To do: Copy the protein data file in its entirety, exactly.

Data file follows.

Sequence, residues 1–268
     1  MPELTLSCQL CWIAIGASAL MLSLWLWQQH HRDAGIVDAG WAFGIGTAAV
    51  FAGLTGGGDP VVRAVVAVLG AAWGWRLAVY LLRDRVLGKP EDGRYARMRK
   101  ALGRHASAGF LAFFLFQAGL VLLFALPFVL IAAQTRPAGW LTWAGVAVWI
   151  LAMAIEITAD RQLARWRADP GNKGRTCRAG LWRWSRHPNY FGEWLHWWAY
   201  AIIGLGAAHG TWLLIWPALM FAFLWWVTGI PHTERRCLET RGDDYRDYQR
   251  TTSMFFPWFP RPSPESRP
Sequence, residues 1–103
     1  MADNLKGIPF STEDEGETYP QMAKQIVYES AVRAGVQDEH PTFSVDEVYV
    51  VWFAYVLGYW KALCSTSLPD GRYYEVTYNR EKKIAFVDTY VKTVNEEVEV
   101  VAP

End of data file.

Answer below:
Sequence, residues 1–268
     1  MPELTLSCQL CWIAIGASAL MLSLWLWQQH HRDAGIVDAG WAFGIGTAAV
    51  FAGLTGGGDP VVRAVVAVLG AAWGWRLAVY LLRDRVLGKP EDGRYARMRK
   101  ALGRHASAGF LAFFLFQAGL VLLFALPFVL IAAQTRPAGW LTWAGVAVWI
   151  LAMAIEITAD RQLARWRADP GNKGRTCRAG LWRWSRHPNY FGEWLHWWAY
   201  AIIGLGAAHG TWLLIWPALM FAFLWWVTGI PHTERRCLET RGDDYRDYQR
   251  TTSMFFPWFP RPSPESRP
Sequence, residues 1–103
     1  MADNLKGIPF STEDEGETYP QMAKQIVYES AVRAGVQDEH PTFSVDEVYV
    51  VWFAYVLGYW KALCSTSLPD GRYYEVTYNR EKKIAFVDTY VKTVNEEVEV
   101  VAP